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Theodor Zlatanov collection of Perl one-liners

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Theodor Zlatanov collection

In 2003 Theodor Zlatanov, who authored a series of interesting articles about Perl on IBM DeveloperWorks site published an article Cultured Perl One-liners 102. Among other interesting one-liners he provided a collection of useful one-liners of using ranges in Perl one-lines as well as in place editing:

Listing 3: Printing a range of lines
				
# 1. just lines 15 to 17
perl -ne 'print if 15 .. 17'

# 2. just lines NOT between line 10 and 20
perl -ne 'print unless 10 .. 20'

# 3. lines between START and END
perl -ne 'print if /^START$/ .. /^END$/'

# 4. lines NOT between START and END
perl -ne 'print unless /^START$/ .. /^END$/'

A problem with the first one-liner in Listing 3 is that it will go through the whole  file, even if the necessary range has already been covered. The third one-liner does not  have that problem, because it will print all the lines between the START  and END  markers. If there are eight sets of START/END  markers, the third one-liner will print the lines inside all eight sets.

Preventing the inefficiency of the first one-liner is easy: just use the $.  variable, which tells you the current line. Start printing if $.  is over 15 and exit if $.  is greater than 17.

... ... ...

Listing 5: In-place editing
				
# 1. in-place edit of *.c files changing all foo to bar
perl -p -i.bak -e 's/\bfoo\b/bar/g' *.c

# 2. delete first 10 lines
perl -i.old -ne 'print unless 1 .. 10' foo.txt

# 3. change all the isolated oldvar occurrences to newvar
perl -i.old -pe 's{\boldvar\b}{newvar}g' *.[chy]

# 4. increment all numbers found in these files
perl -i.tiny -pe 's/(\d+)/ 1 + $1 /ge' file1 file2 ....

# 5. delete all but lines between START and END
perl -i.old -ne 'print unless /^START$/ .. /^END$/' foo.txt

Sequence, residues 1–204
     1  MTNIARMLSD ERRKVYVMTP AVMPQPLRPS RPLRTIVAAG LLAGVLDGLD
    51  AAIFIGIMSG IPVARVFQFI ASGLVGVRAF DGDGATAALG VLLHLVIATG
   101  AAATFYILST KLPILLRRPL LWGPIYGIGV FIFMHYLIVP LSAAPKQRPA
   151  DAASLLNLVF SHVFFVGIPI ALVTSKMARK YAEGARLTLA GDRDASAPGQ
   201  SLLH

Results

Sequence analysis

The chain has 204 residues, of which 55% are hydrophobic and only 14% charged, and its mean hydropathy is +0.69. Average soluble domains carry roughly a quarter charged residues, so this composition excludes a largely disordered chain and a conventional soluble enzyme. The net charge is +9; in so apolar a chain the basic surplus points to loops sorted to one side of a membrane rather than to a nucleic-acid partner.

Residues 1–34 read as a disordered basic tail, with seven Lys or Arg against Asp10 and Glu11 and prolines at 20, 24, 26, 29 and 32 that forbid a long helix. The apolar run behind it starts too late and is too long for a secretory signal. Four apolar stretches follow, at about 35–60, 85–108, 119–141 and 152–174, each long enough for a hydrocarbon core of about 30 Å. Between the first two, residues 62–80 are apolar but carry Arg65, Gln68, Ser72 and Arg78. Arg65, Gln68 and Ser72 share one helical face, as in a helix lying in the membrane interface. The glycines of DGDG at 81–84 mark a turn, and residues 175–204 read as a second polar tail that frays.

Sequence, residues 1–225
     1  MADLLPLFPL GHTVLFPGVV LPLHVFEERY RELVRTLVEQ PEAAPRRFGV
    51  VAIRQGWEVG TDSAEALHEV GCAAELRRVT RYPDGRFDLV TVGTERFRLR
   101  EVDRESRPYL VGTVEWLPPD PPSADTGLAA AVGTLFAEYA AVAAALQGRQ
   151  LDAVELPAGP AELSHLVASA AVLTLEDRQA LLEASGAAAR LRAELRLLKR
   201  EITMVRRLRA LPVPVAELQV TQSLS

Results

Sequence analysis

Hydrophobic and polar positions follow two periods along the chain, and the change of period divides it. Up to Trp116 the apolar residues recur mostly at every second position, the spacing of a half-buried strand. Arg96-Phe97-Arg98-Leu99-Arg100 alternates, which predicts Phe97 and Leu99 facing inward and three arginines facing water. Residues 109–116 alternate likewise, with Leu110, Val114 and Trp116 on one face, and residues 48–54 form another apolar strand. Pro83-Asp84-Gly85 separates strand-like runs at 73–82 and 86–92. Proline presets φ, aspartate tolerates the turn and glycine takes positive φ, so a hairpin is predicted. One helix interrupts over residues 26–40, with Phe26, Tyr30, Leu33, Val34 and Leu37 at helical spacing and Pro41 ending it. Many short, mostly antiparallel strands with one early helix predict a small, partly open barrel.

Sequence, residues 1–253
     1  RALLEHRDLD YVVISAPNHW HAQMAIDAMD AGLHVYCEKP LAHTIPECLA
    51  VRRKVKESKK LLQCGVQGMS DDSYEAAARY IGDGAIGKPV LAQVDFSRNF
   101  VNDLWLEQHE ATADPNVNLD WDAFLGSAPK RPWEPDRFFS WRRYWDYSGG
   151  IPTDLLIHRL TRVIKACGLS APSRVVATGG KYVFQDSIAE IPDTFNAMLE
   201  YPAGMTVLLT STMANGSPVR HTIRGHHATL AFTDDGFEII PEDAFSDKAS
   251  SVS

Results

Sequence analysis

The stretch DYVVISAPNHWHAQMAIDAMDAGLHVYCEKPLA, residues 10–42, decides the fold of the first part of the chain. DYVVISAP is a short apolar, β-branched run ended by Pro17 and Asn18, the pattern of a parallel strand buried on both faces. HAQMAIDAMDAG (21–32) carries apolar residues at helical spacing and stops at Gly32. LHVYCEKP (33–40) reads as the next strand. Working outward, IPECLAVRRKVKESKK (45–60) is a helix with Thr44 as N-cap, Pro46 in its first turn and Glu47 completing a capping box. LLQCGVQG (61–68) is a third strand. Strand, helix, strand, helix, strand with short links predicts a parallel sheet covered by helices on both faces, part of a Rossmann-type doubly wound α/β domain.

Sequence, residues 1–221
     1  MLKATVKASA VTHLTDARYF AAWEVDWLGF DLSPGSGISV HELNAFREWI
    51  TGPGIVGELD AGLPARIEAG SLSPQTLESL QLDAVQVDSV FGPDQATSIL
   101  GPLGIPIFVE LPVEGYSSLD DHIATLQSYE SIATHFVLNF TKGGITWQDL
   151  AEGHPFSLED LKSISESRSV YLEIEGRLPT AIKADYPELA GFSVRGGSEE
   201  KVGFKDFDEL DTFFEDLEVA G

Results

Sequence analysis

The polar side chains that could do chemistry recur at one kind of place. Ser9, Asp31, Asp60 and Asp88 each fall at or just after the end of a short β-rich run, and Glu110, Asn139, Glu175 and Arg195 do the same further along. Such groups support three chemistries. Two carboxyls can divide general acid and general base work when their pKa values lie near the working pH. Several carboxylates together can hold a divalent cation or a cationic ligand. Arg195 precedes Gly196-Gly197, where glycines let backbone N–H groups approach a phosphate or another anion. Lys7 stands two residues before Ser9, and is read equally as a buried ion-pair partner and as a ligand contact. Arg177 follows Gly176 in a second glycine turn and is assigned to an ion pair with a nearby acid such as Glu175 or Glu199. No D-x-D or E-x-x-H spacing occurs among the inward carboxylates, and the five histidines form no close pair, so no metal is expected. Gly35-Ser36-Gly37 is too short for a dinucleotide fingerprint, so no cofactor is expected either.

# 6. binary edit (careful!)
perl -i.bak -pe 's/Mozilla/Slopoke/g' /usr/local/bin/netscape

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Cultured Perl One-liners 101

find . -name "*.mp3" | perl -pe 's/.\/\w+-(\w+)-.*/$1/' | sort | uniq

perl -pi -e'$_ = sprintf "%04d %s", $., $_' test # inserting numbers in the file

find . -name "*.jpg" | perl -ne'chomp; $name = $_; $quote = chr(39); s/[$quote\\!]/_/ ; print "mv \"$name\" \"$_\"\n"'

Cultured Perl One-liners 102

Grep-style operations

#grep abba foo

perl -en 'print if /abba/' foo

Working with columns

Cultured Perl One-liners 102

# add first and penultimate columns
# NOTE the equivalent awk script:
# awk '{i = NF - 1; print $1 + $i}'
perl -lane 'print $F[0] + $F[-2]'

Sed-style operations

Practical uses include omitting lines matching a regular expression, printing a range of lines, inplace editing of multiple files, etc

Printing of the range of lines:

$ (echo a; echo b) | perl -nle 'print unless /b/'
a

$ (echo a; echo b) | perl -nle 'print unless $. == 1'
b

Any time the $. line number variable is being used with multiple files, the eof function may need to be used to reset the current line number counter. The following one-liners demonstrate this feature by reading the file input twice, and resetting the line number counter in the second case.

# print the range of lines 5 to 50
perl -ne 'print if $. >= 5; exit if $. >= 50;'

Add a line to a file

Appending data to existing files is easy. So is inserting data into arbitrary locations in a file, such as prepending a new first line to a set of files. In the following case, #!/usr/bin/perl will be added as the first line of all *.pl files in the current directory.

$ perl -i -ple 'print q{#!/usr/bin/perl} if $. == 1; close ARGV if eof' *.pl

If a recursive replace is needed, either investigate the use of the modules File::Find or IO::All, or simply have the unix shell pull in the required files as arguments to perl. While the second example is longer, it will work properly if filenames have spaces in their names, due to find -print0 and xargs -0 using the NUL character to delimit filenames instead of spaces.

$ perl -i -ple 'print q{#!/usr/bin/perl} if $. == 1; close ARGV if eof' \
`find . -type f -name "*.pl"`